When, or how did we get trained to go everywhere with a slab of rubber interposed between our feet and the earth?
When was the last time you walked outside barefoot? Having a wedge of rubber inserted between your feet and the ground is a pretty recent development in the deep time of the human origin story. Wearing shoes prevents us from experiencing the earth’s magnetic field viscerally. Many animals have brain organs that sense this field and its fluctuations: it is part of how they navigate. Both birds, navigating aerially, and whales navigating aquatically, have organs with this sensory function, but we humans do not (at least that science has yet discovered). Yet through our feet, we can feel the earth’s magnetic fields directly, should our feet actually be touching the earth.
The shape of our shoe’s’ soles also changes the way that our gait works. This is most exaggerated in high heels, but even shoes that don’t dramatically change the angle of your foot have a heal-bed that changes the distribution of weight as compared to walking barefoot. I spent 30 years wearing slip-in inserts that supplement the arch in a shoe, because my knees used to hurt when I wore shoes. A year ago I discovered barefoot shoes. I don’t really know how to explain to you the difference that wearing barefoot shoes has made in my quality of life. Nor can I fully explain why it has made such a difference. I’ll simply tell you that if you knew me well, you’d know I didn’t like to run before getting these shoes. From the standpoint of exercise, I’ve long preferred to swim. But from the moment I slipped into my first pair of barefoot shoes, on the second floor of an REI co-op in Seattle, my legs just got happy. It wasn’t me—my ordinary sense of myself—it literally felt like my legs themselves were like, Thank God! Finally! I bought them because I was on my way to a bird language training, and I don’t like to wear hiking boots in the forest, because I can’t feel the ground. Barefoot shoes feel like slippers, or moccasins, but they have technical soles that are remarkably durable, so your feet won’t get cut up by sharp rocks, or glass. Nonetheless, if you can truly be barefoot, in a place you know is safe to do this, there is something about the simplicity of having your feet on the earth that is very GROUNDING. If you engage in this as a practice, direct your attention to the felt contact with the earth. Feel, and visualize, the connection between the soles of your feet and Mother Earth. If you are someone sensitive to the energies of place, do be aware that memory is held in the land, and that some places hold energies that are particularly harmonious and healing, while others are not.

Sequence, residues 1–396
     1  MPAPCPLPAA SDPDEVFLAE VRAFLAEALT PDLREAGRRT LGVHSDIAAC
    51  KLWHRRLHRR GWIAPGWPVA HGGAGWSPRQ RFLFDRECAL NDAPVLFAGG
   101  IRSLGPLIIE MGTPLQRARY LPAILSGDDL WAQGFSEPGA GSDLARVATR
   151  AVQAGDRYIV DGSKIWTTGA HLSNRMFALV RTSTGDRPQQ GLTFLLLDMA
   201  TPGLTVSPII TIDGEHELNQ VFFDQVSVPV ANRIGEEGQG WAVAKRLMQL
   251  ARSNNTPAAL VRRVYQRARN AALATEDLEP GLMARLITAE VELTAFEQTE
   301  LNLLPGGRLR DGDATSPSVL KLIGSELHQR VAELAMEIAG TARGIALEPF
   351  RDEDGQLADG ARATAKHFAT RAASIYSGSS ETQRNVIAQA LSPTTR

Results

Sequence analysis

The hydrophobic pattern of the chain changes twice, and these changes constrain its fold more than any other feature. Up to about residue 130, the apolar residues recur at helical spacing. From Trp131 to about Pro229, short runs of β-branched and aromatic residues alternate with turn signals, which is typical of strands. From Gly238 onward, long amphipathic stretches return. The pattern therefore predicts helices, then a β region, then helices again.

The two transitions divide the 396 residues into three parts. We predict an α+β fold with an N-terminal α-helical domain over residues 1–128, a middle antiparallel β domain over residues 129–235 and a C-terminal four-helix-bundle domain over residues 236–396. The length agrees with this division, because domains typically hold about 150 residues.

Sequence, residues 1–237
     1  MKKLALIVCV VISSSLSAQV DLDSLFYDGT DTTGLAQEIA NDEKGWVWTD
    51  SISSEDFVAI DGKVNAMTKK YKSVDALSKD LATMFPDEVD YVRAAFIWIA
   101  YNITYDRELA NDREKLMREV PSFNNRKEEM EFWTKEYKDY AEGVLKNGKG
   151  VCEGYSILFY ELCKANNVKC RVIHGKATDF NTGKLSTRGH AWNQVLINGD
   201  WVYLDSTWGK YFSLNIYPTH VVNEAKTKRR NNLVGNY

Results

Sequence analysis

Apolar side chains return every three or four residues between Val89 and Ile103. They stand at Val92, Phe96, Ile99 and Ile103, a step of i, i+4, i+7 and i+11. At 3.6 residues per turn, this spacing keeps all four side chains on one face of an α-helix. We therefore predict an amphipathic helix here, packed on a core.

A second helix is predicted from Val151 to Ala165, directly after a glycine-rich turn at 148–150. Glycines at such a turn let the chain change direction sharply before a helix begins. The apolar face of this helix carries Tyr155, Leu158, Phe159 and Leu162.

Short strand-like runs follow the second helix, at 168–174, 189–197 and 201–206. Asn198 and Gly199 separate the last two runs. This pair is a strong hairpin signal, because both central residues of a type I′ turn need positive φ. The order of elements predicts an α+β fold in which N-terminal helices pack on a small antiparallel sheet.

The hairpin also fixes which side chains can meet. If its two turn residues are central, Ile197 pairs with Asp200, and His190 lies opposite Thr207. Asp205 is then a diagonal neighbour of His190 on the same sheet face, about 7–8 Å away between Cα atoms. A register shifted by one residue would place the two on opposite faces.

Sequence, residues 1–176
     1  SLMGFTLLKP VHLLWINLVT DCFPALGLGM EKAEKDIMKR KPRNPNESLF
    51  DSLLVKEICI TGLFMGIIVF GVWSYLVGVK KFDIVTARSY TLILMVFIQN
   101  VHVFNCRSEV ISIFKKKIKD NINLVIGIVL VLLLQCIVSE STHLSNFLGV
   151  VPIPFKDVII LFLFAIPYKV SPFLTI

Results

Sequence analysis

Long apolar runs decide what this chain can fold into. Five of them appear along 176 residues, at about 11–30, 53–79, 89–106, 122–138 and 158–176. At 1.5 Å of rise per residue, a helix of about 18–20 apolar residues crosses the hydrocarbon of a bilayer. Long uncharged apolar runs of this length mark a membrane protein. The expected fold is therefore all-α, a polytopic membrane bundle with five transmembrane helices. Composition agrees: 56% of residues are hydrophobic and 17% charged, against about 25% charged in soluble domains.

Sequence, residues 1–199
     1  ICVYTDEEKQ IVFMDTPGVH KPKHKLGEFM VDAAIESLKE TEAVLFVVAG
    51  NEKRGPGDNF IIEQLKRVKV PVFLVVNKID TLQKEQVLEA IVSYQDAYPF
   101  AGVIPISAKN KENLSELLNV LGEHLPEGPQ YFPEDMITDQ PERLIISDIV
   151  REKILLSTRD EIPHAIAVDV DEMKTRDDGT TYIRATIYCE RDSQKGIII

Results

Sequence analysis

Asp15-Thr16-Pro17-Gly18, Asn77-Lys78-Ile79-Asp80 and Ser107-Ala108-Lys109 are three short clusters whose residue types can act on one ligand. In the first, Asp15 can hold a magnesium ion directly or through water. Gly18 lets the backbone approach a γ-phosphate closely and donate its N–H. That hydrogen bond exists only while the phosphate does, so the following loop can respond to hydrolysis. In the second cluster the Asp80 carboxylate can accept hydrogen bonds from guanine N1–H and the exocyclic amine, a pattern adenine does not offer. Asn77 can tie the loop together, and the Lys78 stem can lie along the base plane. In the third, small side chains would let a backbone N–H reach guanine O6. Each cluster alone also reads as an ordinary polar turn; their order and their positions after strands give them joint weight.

NB: Particularly for United Statesians (see Glossary), many of whom are socialized to reside in cognition, and particularly for folks who do some kind of knowledge-work, or spend a good deal of time in front of a computer screen, grounding practices are an essential element in returning to embodiment.
Related Practices:Grounding is related to all practices of embodiment, to Sensory Awareness practices, to interoception. Related to Barefoot Shoes. Related to Ways of Knowing: Think with Your Feet. To Swimming. It is related to connection with the land (see Connect to Nature: Connect to Land. It is connected to Tracking as Governing Metaphor. Related to Calming Anxiety.
Video: Distill | Photography: Stein Egil Liland | Licensed from Pexels.com, used with permission.